Monday, August 30, 2010
This is a two-way street, or at least I hope so. While popular musicians and artists have the edge by way of inventive practices and techniques of composition (sampling, looping, remixing, etc.), theologians who have studied within a religious tradition have something to offer. At the very least, they offer depth and complexity, which can help those within the networks and flows of popular culture better navigate the resources available to them. How can these more complex ideas be best presented? And how can they be placed into creative juxtapositions with other religious "breaks" and "beats" within mashup religion, in order to invent theological ideas that are potentially helpful?
For many people in developed nations, the religious life takes place at the intersection between religious traditions, religious or quasi-religious ideologies, and popular culture. Religious resources, which in the past were the sole property of traditional communities of belief, are disseminated widely through popular media such as the Internet, radio, and television. For years, sociologists have been heralding this shift, showing how traditional religious resources now take their place alongside a huge range of resources minted within the networks and flows of popular culture.
In this context, lived religion resembles a mashup. In the world of popular music, a mashup is a song consisting entirely of parts of other songs. Usually, the work of one musical artist is sampled and broken into bits. These bits are placed into juxtaposition with sampled bits of music created by several other artists. The result is a musical pastiche that, in the final analysis, becomes something very different from its original prototype. By analogy, people who “do religion” today tend to take the ideas within particular religious traditions and mash them up using ideas gleaned from many other resources, some religious and some not. In the process, for better or worse, they invent new theological ideas and models.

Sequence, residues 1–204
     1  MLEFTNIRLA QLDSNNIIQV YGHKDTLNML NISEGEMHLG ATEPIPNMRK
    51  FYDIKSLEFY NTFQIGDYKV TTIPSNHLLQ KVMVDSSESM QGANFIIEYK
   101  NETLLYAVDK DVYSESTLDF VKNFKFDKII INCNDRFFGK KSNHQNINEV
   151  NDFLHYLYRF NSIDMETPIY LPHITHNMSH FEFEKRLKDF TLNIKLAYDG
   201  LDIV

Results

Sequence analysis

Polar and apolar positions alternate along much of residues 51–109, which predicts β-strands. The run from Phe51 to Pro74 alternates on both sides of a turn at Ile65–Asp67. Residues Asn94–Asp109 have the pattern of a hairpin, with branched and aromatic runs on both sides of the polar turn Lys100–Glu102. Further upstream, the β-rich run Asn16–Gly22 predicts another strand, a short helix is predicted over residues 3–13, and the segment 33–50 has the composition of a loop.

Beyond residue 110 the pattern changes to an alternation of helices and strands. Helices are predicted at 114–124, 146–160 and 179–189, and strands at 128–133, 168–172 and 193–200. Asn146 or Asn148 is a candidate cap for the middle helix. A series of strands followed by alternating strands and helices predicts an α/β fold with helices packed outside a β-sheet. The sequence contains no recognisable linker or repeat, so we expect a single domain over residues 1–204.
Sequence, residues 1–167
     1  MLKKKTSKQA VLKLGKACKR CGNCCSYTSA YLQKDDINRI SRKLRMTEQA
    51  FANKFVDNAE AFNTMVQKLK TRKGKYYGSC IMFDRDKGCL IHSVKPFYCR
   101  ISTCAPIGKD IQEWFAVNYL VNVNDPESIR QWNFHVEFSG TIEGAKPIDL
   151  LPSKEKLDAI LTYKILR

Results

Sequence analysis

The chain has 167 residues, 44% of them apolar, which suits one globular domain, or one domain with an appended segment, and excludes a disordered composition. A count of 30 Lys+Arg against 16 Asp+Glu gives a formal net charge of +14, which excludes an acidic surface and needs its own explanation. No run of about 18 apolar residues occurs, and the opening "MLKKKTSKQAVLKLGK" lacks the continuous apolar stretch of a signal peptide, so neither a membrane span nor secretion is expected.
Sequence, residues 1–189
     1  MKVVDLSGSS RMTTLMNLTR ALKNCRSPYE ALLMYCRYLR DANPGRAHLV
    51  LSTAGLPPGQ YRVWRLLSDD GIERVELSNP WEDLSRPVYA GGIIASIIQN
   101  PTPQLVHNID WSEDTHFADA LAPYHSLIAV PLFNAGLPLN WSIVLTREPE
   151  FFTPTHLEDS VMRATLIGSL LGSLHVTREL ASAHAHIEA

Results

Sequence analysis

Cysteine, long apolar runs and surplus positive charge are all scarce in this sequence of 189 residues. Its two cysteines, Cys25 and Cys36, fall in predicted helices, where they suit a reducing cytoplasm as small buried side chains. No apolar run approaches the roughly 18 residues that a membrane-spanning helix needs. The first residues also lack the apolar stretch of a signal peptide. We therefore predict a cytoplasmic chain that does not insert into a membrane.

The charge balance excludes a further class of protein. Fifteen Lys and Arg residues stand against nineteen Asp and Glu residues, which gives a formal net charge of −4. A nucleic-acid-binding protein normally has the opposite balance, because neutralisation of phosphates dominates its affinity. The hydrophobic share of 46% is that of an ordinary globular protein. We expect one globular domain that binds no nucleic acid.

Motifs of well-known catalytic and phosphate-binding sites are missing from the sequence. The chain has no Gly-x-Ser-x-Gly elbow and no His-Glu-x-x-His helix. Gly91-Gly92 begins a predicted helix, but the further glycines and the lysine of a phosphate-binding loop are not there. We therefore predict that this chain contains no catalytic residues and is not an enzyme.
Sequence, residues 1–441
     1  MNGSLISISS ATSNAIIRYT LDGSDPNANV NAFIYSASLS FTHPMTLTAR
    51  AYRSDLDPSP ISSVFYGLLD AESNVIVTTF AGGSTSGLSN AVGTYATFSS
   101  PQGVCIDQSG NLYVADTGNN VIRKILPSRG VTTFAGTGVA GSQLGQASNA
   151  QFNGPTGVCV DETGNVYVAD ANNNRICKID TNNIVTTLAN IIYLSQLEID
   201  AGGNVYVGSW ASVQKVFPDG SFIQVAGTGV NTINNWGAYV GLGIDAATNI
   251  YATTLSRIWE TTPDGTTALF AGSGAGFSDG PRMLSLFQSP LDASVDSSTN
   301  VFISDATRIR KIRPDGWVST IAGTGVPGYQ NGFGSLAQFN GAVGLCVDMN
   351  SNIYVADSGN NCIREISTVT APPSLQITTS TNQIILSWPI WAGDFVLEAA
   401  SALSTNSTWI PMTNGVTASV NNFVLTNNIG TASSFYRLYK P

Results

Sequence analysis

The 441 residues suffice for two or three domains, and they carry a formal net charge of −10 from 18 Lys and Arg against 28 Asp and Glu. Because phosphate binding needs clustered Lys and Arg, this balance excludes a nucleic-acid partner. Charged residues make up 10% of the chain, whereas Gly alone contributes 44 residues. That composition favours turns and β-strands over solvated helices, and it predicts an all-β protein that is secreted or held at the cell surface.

In the context of mashup religion, theologians are losing their inventive edge to other forms of cultural production. Musicians and other popular artists are using new technologies in the service of artistic invention, and in some cases in the service of theological invention. Whereas some theologians use newer technologies to spruce up the presentation of traditional ideas, they do not use them to aid in the invention of new ideas. Theological lecturers and preachers use presentation software to project pictures and video-clips to help them teach the same ideas they’ve taught for years using handouts and slide shows. Religious journalists and bloggers use the Internet to present and disseminate preconceived ideas. Most Contemporary Christian and Praise and Worship musicians use recent music technologies to dress up conservative evangelical theologies in the rhythms and sounds of pop music.
What goes missing are the ways recent technologies, and the inventive practices they foster, can help theologians, in a variety of contexts (higher education, ministry, journalism, music, activism, etc.) in the actual invention of new and useful theological ideas. (the paragraphs above are from the Introduction of my forthcoming book, Mashup Religion: Pop Music and Theological Invention (Baylor University Press, forthcoming, Fall, 2011).
This blog is devoted to investigating and resourcing some of the ways theologians can learn from these resources within popular culture